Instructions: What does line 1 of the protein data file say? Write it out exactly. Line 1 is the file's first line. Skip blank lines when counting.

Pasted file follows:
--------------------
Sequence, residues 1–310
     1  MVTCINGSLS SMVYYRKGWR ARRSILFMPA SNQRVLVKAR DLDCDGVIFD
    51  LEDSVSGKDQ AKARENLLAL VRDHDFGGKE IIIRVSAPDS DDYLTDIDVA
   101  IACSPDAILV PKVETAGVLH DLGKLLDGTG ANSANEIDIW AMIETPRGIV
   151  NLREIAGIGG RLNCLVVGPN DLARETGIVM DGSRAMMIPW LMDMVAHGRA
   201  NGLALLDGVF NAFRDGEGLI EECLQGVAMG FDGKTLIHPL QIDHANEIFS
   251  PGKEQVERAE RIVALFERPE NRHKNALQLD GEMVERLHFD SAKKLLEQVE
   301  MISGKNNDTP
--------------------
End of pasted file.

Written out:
Sequence, residues 1–310